Alicia J. Johnson
Alicia J. Johnson and Meredith A. Whitley
Sport is increasingly used as a tool for development and peacebuilding to reach an array of populations (Hayhurst, 2009), including girls and women in the Two-Thirds World (Brady, 2005; Hayhurst, 2014; Saavedra, 2009). However, scholars have cautioned against a universal definition of sport considering its historical link to colonization (Darnell & Hayhurst, 2011; Saavedra, 2009) as well as the promotion of universal benefits of sport for girls (Brady, 2005; Larkin, Razack, & Moola, 2007). Therefore, a postcolonial feminist framework was employed to qualitatively explore how 12 secondary school girls in northern Uganda define sport. In addition, participants in this study identified the benefits that they and other girls and women receive from participating in sport. Semistructured interviews were conducted face-to-face and were transcribed, coded, and thematized by the researchers. Trustworthiness was established by engaging a peer debriefer from Uganda and critical awareness of researcher positionality through reflexivity. Results include how the participants defined sport and physical activity, some as a singular and others as a binary concept, and how girls benefit from participating in sport in northern Uganda. The identified benefits include aspects of health, social life, engagement, opportunities, socioemotional development, and competition. Many of these benefits are congruent with literature from within and outside of Uganda; however, the results also indicate a need for a deeper understanding of how communities define and benefit from sport where sport for development programs are delivered. Connections between the results and the postcolonial feminist framework, study limitations and future research directions are also discussed.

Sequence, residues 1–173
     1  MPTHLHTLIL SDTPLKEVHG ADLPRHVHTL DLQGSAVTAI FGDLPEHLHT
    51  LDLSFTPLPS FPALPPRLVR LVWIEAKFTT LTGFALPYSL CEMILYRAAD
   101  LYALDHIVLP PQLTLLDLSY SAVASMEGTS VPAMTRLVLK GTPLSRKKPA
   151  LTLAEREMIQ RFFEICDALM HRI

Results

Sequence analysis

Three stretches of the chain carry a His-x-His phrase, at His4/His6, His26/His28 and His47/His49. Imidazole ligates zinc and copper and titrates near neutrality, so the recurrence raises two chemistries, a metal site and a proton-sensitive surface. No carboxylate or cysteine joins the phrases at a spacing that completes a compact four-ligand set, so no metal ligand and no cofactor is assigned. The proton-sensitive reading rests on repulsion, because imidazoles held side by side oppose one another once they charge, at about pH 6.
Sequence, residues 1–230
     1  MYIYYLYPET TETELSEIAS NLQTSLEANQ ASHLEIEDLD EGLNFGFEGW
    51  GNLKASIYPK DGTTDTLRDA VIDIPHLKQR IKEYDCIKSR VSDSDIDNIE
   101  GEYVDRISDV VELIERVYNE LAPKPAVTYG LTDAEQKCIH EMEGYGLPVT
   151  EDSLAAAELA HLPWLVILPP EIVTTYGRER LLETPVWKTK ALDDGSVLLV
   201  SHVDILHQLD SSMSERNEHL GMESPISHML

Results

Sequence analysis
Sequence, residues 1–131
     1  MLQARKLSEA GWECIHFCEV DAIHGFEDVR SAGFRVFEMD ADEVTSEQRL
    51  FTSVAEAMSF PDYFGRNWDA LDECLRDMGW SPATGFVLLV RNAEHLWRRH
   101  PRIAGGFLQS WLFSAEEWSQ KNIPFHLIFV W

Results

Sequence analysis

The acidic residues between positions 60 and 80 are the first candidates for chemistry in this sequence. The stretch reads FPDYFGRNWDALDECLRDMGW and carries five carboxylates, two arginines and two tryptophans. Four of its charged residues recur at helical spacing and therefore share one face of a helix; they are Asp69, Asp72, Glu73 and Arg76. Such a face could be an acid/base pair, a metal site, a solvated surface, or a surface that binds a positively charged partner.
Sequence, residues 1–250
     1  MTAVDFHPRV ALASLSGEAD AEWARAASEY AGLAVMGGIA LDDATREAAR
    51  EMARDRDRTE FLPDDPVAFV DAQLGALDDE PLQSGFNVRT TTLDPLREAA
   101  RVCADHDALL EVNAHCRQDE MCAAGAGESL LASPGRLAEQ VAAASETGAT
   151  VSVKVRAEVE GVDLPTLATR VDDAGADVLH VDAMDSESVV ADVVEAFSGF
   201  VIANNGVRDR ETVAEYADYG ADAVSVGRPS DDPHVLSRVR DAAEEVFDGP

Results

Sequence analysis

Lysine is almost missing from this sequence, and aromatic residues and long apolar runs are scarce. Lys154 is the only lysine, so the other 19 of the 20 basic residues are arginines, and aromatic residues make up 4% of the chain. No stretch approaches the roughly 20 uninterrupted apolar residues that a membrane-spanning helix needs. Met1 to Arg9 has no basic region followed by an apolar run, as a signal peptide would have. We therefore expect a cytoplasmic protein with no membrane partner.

Judy L. Van Raalte, Allen E. Cornelius, Elizabeth M. Mullin, Britton W. Brewer, Erika D. Van Dyke, Alicia J. Johnson and Takehiro Iwatsuki
A series of studies was conducted by Senay et al. in 2010 to replicate and extend research indicating that self-posed questions have performance benefits. Studies 1–3 compared the effects of the self-posed interrogative question (“Will I?”) to declarative (“I will”) and control self-talk, and found no significant group differences in motivation, perceived exertion, or performance. In Studies 4–5, interrogative, declarative, and control self-talk primes were compared, and no outcome differences were found. In Study 6, the effects of self-talk on motivation, perceived exertion, and physical performance were assessed. The self-talk groups performed better and were more motivated than the control group, but declarative and interrogative groups did not differ from each other. Finally, meta-analyses of the six studies indicated no significant differences among conditions. These results highlight the value of replication and suggest that factors other than grammatical form of self-posed questions may drive the demonstrated relationships between self-talk and performance.